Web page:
Natural hazardsMitigating Hazards with Vulnerability in Mind

By Andrew Logan

Published 3 September 2021

From tropical storms to landslides, the form and frequency of natural hazards vary widely. To mitigate natural hazards equitably, an MIT Ph.D. candidate is incorporating social vulnerability into resilience engineering and hazard recovery.

From tropical storms to landslides, the form and frequency of natural hazards vary widely. But the feelings of vulnerability they can provoke are universal.

Growing up in hazard-prone cities, Ipek Bensu Manav, a civil and environmental engineering Ph.D. candidate with the MIT Concrete Sustainability Hub (CSHub), noticed that this vulnerability was always at the periphery. Today, she’s studying vulnerability, in both its engineering and social dimensions, with the aim of promoting more hazard-resilient communities.

Her research at CSHub has taken her across the country to attend impactful conferences and allowed her to engage with prominent experts and decision-makers in the realm of resilience. But more fundamentally, it has also taken her beyond the conventional bounds of engineering, reshaping her understanding of the practice.

From her time in Miami, Florida, and Istanbul, Turkey, Manav is no stranger to natural hazards. Istanbul, which suffered a devastating earthquake in 1999, is predicted to experience an equally violent tremor in the near future, while Miami ranks among the top cities in the U.S. in terms of natural disaster risk due to its vulnerability to hurricanes.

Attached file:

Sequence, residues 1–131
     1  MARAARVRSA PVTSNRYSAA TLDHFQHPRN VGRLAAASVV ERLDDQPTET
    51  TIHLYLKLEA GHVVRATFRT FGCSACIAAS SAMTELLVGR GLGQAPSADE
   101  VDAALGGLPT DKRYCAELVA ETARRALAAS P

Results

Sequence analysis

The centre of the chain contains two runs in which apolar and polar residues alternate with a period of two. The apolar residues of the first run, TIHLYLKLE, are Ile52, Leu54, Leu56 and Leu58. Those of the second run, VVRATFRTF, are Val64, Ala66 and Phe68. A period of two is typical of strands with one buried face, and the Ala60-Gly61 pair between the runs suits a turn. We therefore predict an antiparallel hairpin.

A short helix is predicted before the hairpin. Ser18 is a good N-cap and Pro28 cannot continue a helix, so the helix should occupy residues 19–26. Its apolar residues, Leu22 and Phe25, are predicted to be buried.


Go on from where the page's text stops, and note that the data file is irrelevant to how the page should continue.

“Growing up in Miami, I’d always hear about hurricane season on the news,” recounts Manav, “While in Istanbul there was a constant fear about the next big earthquake. Losing people and [witnessing] those kinds of events instilled in me a desire to tame nature.”

It was this desire to “push the bounds of what is possible” — and to protect lives in the process — that motivated Manav to study civil engineering at Boğaziçi University. Her studies there affirmed her belief in the formidable power of engineering to “outsmart nature.”

This, in part, led her to continue her studies at MIT CSHub — a team of interdisciplinary researchers who study how to achieve resilient and sustainable infrastructure. Her role at CSHub has given her the opportunity to study resilience in depth. It has also challenged her understanding of natural disasters — and whether they are “natural” at all.

“Over the past few decades, some policy choices have increased the risk of experiencing disasters,” explains Manav. “An increasingly popular sentiment among resilience researchers is that natural disasters are not ‘natural,’ but are actually man-made. At CSHub we believe there is an opportunity to do better with the growing knowledge and engineering and policy research.”

As a part of the CSHub portfolio, Manav’s research looks not just at resilient engineering, but the engineering of resilient communities.

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